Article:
Why have I gone to all of this trouble to try to uncover the truth of this matter? I believe it is a serious problem that a man who is regarded as a world-class authority on autism, who tells the world what autism is and what type of people autistic people are, is happy to showcase an extraordinary story that he admits he has not verified with his own eyes and which includes false identifying information, in his own book that is about important matters of science, and also in a science magazine with major international standing. I cannot reconcile the idea that a scientific authority can display such a casual attitude towards the truth. If I assume that Baron-Cohen in good faith has believed this story but has not bothered to verify it, that indicates either a very sloppy or a contemptuous attitude towards verifying the truth, hardly qualities that I would expect to find in a professor from Cambridge and the director of a research organization. It would also indicate a naivety or a lack of knowledge in not realising how closely his anecdote resembles an apocryphal story, necessitating proper investigation and verification. If it turns out that the story is a medically impossible apocryphal story, presenting it as fact would call into question Baron-Cohen’s judgement, his basic common sense, and also his suitability for his position as a professor in a department of psychiatry, which is a medical specialty. The truth of this matter is not a minor detail, it is a reflection of the man who has spread this story, and we need to know exactly what type of man this is.
While researching something else I've come across a copy of the 2005 edition of the Guinness World Records and on page 21 is a paragraph giving the essential details of the world's "first hand transplant", with an accompanying photo of the patient Australian Clint Hallam with his creepy mismatched replacement hand. According to this authoritative annual book, this first hand transplant was done in France in 1998 by an international team of eight surgeons in an operation that took fourteen hours. There is now no doubt in my mind that the reversed-hands transplant anecdote recounted as fact on page one of both UK and US editions of Prof. Simon Baron-Cohen's latest book is untrue, impossible, and an absurd urban legend that would only be unreservedly believed by a child or perhaps by an adult who lacks education or has some odd cognitive deficit that causes a lack critical faculties. Why has a Cambridge professor with a considerable international reputation put such a thoroughly bizarre and ridiculous thing at the very beginning of his book? Does he believe it himself, or does he have a contempt for his readers in which he is happy to treat them as though they are idiots, or does he think the truth of a prosopsition is an unimportant consideration? How could such a piece of nonsense as a reversed-hands urban legend have been allowed by book editors and also book publishers to make it into print as a true anecdote in a supposedly non-fiction book? Why has this bizarre matter not been mentioned in any of the published reviews of the book that I have read? Am I the only person who has actually read the beginning of the book and thought about it in any seriousness? How is it that I, an unpaid blogger with no background in publishing or science beyond a very old degree in applied science, has noticed that a Cambridge professor has put a piece of nonsense at the beginning of his book, while presumably the professor, his book editor, his publishers in the UK and also in the US, and all of the many professional book reviewers who have written reviews of this book which have been published in some of the world's most respected newspapers, have all presumably been unable to detect a very bizarre and obvious problem with this book? How do so many people get paid for not doing their job? How can I get a job like that?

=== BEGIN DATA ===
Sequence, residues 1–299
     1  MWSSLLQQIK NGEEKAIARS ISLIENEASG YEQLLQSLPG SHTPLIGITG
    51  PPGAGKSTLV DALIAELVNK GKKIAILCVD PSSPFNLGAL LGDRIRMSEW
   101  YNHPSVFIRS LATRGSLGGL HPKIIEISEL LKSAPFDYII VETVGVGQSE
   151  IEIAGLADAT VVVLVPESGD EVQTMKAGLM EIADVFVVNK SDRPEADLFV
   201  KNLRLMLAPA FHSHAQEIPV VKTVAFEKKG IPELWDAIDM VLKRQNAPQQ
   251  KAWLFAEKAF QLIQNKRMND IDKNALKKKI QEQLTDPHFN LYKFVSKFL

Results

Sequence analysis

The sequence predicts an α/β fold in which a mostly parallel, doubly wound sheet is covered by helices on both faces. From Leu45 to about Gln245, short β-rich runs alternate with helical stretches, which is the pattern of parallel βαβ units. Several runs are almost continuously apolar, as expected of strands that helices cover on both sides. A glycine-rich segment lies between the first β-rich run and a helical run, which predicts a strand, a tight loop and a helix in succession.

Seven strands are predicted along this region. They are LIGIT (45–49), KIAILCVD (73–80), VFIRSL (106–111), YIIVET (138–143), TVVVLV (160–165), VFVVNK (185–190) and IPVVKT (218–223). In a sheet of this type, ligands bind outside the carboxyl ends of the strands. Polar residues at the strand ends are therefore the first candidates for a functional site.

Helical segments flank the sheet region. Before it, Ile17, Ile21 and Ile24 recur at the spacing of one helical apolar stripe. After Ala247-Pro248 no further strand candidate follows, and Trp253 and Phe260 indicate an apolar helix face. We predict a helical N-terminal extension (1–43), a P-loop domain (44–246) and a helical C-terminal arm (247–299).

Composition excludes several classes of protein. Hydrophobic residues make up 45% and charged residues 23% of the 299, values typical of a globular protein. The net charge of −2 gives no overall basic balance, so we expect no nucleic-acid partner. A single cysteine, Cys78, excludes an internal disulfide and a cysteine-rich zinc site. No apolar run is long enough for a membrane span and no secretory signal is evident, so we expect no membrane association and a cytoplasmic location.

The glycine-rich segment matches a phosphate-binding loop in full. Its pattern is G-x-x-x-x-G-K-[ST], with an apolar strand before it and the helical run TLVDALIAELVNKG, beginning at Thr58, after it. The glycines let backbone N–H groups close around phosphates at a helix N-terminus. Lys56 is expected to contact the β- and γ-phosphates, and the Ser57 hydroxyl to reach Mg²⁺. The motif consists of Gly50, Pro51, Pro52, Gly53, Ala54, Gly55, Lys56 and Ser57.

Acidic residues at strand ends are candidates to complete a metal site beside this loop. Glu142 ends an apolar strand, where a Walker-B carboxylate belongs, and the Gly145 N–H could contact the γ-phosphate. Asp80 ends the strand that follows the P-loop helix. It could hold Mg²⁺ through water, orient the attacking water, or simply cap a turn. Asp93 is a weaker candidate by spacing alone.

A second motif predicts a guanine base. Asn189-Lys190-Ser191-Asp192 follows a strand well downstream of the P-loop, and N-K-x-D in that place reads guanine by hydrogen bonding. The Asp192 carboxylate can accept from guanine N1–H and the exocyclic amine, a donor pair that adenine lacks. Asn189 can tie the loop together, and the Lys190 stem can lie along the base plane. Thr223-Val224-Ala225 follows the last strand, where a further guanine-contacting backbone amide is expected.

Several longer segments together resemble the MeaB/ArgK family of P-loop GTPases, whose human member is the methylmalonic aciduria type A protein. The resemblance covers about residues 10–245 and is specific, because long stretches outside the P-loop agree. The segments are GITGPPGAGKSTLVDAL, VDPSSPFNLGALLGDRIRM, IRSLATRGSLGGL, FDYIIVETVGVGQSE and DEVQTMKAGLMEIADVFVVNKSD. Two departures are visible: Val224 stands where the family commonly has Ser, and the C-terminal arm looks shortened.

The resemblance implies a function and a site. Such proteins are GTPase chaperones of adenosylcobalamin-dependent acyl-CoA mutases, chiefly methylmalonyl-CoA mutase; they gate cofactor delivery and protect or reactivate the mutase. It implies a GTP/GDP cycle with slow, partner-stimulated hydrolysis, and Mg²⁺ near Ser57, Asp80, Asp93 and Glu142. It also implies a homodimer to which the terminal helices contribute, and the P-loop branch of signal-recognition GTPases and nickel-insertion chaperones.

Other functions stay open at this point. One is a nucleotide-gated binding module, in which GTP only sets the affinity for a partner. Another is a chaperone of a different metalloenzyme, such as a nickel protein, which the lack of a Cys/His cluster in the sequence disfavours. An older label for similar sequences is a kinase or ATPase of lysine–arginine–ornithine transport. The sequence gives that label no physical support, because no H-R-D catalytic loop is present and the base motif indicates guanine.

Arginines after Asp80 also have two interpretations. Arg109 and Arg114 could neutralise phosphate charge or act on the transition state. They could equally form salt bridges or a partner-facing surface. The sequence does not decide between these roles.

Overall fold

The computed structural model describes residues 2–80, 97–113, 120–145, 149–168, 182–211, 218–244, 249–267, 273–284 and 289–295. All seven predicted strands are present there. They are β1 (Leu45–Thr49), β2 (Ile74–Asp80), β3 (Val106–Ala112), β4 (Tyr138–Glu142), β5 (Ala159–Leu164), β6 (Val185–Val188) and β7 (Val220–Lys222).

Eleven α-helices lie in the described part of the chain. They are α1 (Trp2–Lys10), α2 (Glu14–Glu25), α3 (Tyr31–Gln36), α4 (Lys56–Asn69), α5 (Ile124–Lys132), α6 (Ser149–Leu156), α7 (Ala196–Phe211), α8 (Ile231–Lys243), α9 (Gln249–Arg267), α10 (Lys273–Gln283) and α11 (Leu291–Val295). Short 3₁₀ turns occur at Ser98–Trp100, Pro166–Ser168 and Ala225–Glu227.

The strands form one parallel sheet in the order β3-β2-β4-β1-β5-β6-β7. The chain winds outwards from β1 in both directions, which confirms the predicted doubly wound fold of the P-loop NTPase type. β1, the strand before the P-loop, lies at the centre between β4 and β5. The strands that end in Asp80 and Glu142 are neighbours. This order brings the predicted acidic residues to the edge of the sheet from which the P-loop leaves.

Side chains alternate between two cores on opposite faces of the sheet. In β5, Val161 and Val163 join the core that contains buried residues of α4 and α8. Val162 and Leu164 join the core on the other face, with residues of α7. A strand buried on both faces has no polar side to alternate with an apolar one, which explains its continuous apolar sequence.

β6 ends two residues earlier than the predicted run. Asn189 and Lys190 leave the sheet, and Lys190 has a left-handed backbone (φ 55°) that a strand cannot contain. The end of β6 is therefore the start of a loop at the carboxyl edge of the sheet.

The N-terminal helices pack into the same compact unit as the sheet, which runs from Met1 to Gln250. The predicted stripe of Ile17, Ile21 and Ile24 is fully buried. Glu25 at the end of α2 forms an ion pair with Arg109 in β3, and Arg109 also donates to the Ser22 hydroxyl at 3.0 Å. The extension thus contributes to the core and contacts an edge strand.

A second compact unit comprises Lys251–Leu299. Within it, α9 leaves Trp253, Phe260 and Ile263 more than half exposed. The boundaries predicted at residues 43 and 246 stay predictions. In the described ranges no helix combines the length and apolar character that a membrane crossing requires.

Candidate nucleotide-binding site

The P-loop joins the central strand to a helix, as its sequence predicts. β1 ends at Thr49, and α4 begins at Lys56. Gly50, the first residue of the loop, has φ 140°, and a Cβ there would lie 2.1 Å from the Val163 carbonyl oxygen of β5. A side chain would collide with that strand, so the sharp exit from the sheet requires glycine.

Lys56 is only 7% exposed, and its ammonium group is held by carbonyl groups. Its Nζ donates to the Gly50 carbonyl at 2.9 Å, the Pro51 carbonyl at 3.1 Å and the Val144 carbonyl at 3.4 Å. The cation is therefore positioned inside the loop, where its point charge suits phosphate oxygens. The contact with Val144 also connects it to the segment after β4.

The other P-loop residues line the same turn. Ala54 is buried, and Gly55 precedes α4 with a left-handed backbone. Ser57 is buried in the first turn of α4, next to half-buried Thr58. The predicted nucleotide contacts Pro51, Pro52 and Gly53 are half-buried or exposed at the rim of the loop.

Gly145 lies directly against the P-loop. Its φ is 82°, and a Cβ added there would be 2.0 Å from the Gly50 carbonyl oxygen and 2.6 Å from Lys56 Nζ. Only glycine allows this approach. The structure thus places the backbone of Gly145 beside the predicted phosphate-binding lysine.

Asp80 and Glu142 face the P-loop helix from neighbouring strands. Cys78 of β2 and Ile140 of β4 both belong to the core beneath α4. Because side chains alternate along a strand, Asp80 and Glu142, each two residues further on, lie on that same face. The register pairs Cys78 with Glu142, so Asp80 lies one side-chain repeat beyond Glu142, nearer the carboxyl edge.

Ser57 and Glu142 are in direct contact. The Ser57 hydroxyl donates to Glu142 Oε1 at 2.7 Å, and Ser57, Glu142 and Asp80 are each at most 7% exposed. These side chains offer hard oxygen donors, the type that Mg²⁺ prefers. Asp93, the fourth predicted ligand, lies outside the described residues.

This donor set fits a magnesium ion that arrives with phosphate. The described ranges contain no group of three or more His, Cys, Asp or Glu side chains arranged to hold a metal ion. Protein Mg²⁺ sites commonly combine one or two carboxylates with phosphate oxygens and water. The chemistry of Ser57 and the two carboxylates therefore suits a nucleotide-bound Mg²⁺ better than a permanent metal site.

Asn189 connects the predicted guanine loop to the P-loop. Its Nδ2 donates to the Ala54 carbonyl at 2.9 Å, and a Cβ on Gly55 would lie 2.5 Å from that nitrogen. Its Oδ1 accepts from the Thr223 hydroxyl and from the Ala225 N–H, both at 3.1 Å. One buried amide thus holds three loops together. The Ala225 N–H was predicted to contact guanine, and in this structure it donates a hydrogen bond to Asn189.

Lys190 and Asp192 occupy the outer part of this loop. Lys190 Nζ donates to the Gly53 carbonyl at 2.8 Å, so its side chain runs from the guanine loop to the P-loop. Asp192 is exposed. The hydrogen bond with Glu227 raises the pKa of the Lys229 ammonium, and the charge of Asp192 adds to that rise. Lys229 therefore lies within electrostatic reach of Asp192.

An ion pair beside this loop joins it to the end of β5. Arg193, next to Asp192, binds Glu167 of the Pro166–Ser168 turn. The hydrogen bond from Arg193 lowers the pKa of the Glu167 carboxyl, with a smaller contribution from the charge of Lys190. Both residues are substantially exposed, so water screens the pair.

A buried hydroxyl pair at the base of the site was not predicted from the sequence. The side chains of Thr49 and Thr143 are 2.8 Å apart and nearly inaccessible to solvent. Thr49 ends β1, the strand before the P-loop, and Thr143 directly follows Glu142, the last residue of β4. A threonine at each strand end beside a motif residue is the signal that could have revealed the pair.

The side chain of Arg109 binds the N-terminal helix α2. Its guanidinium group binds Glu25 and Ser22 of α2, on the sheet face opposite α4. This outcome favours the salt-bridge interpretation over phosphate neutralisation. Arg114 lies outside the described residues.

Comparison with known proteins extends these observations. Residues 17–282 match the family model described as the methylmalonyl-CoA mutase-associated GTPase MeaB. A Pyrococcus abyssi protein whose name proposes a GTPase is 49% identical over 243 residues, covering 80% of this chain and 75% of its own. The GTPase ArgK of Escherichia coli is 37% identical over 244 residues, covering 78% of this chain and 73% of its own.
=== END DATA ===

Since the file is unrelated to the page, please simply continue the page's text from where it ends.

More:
Links and References
Baron-Cohen, Simon (2011) Zero degrees of empathy. Allen Lane (Penguin), 2011.
Baron-Cohen, Simon (2011) The science of evil: on empathy and the origins of cruelty. Basic Books, 2011.
[US version of the above book]
Else, Liz (2011) The man who would banish evil. New Scientist. Number 2807 April 9th 2011. p. 32-33. Online title: Simon Baron-Cohen: I want to banish evil.
Faber, Judy (2007) Idi Amin's Son Criticizes Biopic. CBS News. Feb. 21, 2007.
[A horrible variation of the Idi Amin’s wife urban legend]
Guinnes World Records Ltd (2005) Guinness world records 2005. Guinness World Records Ltd, 2005.
Idi Amin dies.
[The article “Amin's Foot Soldiers” appears to debunk the Idi Amin’s wife urban legend.]
One Plus One - Friday 19 November
[story about Camila Batmanghelidjh followed by another story]
Top 10 most evil humans.
[An unreliable source with some severed and reattached limb atrocity stories.]
Witchalls, Clint (2011) Why a lack of empathy is the root of all evil. Independent. 5 April 2011.